I'm not romanticising about being skint. I'm not sure if poverty is good for the soul (I'm sure that the Poet Laura-eate wouldn't think so), but when I see people who earn four or five times as much as me looking so miserable, I can't help feeling vindicated. The best things in life are free, whatever the adverts say.

Thursday, July 22, 2010

The Happiest Day?

A lot of the books I deal with at work must come from house clearances, as I keep finding wedding photographs hidden amongst the piles of book club editions and eight-volume sets of "The Illustrated War News".

I used to think that all wedding photos looked the same, apart from the changing fashions. But I was wrong. In the post-1960 pictures, everyone looks genuinely, almost desperately happy, but in the older photographs it's interesting to see that there are quite a few dissenters. Take this picture, which I found yesterday:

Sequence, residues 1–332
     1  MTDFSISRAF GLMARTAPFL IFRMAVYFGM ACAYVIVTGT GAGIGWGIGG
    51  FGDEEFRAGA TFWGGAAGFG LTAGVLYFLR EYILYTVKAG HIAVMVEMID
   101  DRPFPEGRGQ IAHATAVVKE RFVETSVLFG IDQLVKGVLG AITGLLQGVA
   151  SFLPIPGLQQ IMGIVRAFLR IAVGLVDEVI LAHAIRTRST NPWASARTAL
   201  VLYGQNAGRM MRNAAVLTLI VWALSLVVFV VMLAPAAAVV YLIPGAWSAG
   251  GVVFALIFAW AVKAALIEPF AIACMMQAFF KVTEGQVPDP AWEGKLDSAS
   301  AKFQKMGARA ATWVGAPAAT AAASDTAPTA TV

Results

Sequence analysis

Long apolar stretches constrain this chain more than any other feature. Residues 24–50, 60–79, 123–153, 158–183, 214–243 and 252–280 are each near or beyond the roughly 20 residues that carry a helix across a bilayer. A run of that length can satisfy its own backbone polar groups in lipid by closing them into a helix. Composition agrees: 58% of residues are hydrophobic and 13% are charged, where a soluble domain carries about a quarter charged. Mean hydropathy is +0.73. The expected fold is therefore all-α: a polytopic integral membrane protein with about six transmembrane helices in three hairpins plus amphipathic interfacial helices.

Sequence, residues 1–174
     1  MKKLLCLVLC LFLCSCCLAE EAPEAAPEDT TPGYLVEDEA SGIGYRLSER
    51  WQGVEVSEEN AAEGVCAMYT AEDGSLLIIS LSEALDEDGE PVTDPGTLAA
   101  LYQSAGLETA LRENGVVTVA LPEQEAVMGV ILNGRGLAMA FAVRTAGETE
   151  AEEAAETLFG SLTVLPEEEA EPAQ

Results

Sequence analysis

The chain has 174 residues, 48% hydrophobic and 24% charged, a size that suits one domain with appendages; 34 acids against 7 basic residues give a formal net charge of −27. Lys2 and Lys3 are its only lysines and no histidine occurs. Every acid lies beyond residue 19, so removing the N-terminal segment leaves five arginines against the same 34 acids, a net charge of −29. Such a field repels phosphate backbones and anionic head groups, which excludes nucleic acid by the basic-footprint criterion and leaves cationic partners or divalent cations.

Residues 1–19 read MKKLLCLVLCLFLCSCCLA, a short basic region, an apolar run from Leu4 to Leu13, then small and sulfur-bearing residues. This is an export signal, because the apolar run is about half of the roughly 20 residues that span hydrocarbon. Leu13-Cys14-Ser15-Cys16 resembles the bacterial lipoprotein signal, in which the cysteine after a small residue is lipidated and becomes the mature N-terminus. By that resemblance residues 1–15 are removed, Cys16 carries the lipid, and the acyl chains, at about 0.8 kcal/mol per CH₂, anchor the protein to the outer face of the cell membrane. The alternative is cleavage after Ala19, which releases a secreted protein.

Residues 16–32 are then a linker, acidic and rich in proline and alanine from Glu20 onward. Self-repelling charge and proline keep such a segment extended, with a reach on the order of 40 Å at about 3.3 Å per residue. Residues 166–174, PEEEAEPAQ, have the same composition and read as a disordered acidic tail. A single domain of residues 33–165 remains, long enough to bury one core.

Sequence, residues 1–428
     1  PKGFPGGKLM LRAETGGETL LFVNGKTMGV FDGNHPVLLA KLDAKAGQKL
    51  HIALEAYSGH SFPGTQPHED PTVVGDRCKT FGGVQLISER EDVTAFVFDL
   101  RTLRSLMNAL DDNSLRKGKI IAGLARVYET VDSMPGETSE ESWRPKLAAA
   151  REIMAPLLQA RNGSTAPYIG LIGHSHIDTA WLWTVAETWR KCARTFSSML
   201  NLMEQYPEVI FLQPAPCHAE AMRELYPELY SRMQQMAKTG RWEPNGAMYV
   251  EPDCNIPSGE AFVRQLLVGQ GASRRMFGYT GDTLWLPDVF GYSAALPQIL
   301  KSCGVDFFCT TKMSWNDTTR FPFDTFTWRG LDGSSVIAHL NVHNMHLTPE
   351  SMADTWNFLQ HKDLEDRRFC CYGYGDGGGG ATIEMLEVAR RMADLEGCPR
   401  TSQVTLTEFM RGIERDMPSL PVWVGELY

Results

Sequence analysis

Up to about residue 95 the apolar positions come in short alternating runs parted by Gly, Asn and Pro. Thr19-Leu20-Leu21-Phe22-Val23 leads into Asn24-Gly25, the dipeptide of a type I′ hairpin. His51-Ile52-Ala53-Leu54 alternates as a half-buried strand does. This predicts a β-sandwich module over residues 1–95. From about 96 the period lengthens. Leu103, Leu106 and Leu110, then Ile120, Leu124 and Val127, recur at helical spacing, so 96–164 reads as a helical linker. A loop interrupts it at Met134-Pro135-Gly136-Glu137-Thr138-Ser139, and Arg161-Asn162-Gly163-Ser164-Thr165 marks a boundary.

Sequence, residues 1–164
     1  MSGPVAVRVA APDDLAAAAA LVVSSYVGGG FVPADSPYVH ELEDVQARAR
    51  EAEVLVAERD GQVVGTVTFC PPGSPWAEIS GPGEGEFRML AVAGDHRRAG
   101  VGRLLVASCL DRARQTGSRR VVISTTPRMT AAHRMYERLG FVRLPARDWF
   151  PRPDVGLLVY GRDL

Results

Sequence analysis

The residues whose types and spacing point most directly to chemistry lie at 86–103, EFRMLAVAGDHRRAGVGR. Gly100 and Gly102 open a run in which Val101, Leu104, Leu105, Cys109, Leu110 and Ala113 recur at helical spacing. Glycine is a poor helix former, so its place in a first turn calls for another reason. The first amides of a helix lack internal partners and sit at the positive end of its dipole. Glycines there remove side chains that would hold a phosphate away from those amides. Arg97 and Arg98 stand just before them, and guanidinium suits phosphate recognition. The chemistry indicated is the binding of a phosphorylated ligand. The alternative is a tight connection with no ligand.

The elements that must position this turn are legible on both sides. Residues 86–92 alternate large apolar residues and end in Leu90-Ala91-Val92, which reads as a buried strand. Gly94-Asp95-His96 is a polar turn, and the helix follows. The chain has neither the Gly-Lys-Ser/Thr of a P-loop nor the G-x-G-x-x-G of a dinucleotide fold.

I can see a rather unhappy father, a relieved bride, a mother keeping up appearances and a sister and brother who have witnessed the whole sorry business. Here's a close-up:

A great photo, but my favourite is still this image, which I posted a couple of months ago:

The face of a condemned man. I wonder what happened next?

Wednesday, July 21, 2010

The News Before it Happens..

I'm not a betting man, but I think that we can be fairly certain that the following images will appear in the press this summer:

1. A woman sitting on someone's shoulder at a rock festival:

The woman will invariably be someone who looks as if they normally work in HR. Indeed, most of the people who appear in these crowd scenes look like nice, middle class people who went to good schools and don't have a criminal record. Whatever happened to Hells Angels, nudity and hard drugs?

2. Some girls in bikinis on Brighton or Bournemouth beach:

Apparently yesterday was hotter than somewhere a lot further south that's normally much hotter than here. Or something like that. Anyway, it's a good excuse for newspapers to have a large photo of girls in bikinis.